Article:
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Could this be a dogma bust? Nope.
Do you really need a 4-hour acetaminophen (APAP) level? Couldn’t we get a 2-hour level? Turns out, you actually need to do a 4-hour level. There were a few cases with 2-4 hour levels <100 μg/mL that subsequently had toxic 4 hour levels >150 μg/mL. Sensitivity for the 100 μg/mL cut point at 2-4 hours was 96% but was signifcantly degraded by coingestion of opiates and antimuscarinic agents. However, if levels were “very low” or undetectable at 2-4 hours, none had subsequent toxic 4-hour levels.
You really do need a 4-hour APAP level. But if the <4 hour level is undetectable or “very low” you are in the clear.
Clin Toxicol (Phila). 2016 Oct 28:1-7. [Epub ahead of print]
1a Poison and Drug Information Service , Alberta Health Services , Alberta , Canada.
2b Department of Emergency Medicine , University of Calgary , Alberta , Canada.
3c Section of Clinical Pharmacology and Toxicology , Alberta Health Services , Alberta , Canada.
4d Department of Pediatrics , McMaster University , Ontario , Canada.
5e Department of Emergency Medicine , Queen’s University , Ontario , Canada.
6f Department of Biomedical & Molecular Sciences , Queen’s University , Ontario , Canada.
7g Department of Pediatrics , University of Calgary , Alberta , Canada.
8h Alberta Children’s Hospital Research Institute for Child & Maternal Health , Alberta , Canada.
9i Department of Community Health Sciences , University of Calgary , Alberta , Canada.
10j Prairie Regional Research Data Centre, Statistics Canada , Alberta , Canada.
11k Department of Emergency Medicine , Oregon Health Sciences University , Portland , OR , USA.
12l Department of Pediatrics , University of Colorado School of Medicine , Denver , CO , USA.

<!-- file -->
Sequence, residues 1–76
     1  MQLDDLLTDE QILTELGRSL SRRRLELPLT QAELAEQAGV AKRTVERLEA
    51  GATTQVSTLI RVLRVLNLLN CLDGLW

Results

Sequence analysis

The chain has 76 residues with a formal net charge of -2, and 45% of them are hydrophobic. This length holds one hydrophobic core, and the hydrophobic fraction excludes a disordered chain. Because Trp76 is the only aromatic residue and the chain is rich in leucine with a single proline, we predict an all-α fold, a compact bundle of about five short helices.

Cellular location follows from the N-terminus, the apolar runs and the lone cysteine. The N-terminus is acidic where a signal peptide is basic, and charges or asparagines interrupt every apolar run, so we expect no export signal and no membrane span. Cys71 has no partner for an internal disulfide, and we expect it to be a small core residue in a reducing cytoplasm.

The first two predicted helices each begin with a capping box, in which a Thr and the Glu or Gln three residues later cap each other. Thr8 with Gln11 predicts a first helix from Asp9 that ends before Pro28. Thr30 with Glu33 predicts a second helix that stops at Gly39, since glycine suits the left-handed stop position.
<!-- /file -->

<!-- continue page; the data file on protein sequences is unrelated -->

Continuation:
The interpretation of acetaminophen concentrations obtained prior to 4 hours after an acute, single overdose remains unclear. Patient care decisions in the Emergency Department could be accelerated if such concentrations could reliably exclude the need for treatment.
To determine the agreement between a serum acetaminophen concentration obtained less than 4 hours after an acute ingestion and the subsequent 4 + hour concentration, and the predictive accuracy of early concentrations for identifying patients with potentially toxic exposures.
A secondary analysis of patients admitted for acetaminophen poisoning at one of the 34 hospitals in eight Canadian cities from 1980 to 2005. We examined serum acetaminophen concentrations obtained less than 4 hours post-ingestion, and again 4 or more hours post-ingestion. For the diagnostic accuracy analysis, we specified a cutpoint of 100 μg/mL (662 μmol/L) obtained between 2 and 4 hours and a subsequent 4 to 20 hour acetaminophen concentration above the nomogram treatment line of 150 μg/mL (993 μmol/L).
Of 2454 patients identified, 879 (36%) had a subsequent acetaminophen concentration above the nomogram treatment line. The 2-4 hour concentration demonstrated a sensitivity of 0.96 [95% CI; 0.94, 0.97] and a negative likelihood ratio of 0.070 [0.048, 0.10]. Coingested opioids reduced this sensitivity to 0.91 [0.83, 0.95], and antimuscarinics to 0.86 [0.72, 0.94]. Only very low to undetectable acetaminophen concentrations prior to 4 hours reliably excluded a subsequent concentration over the treatment line.
Applying an acetaminophen concentration cutpoint of 100 μg/mL (662 μmol/L) at 2-4 hours after an acute ingestion as a threshold for repeat testing and/or treatment would occasionally miss potentially toxic exposures. Absorption of acetaminophen is only slightly delayed by coingested opioids or antimuscarinics. Our analysis validates the practice of not retesting when the first post-ingestion acetaminophen concentration is below the lower limit of quantification.
PMID: 27788602 [PubMed – as supplied by publisher]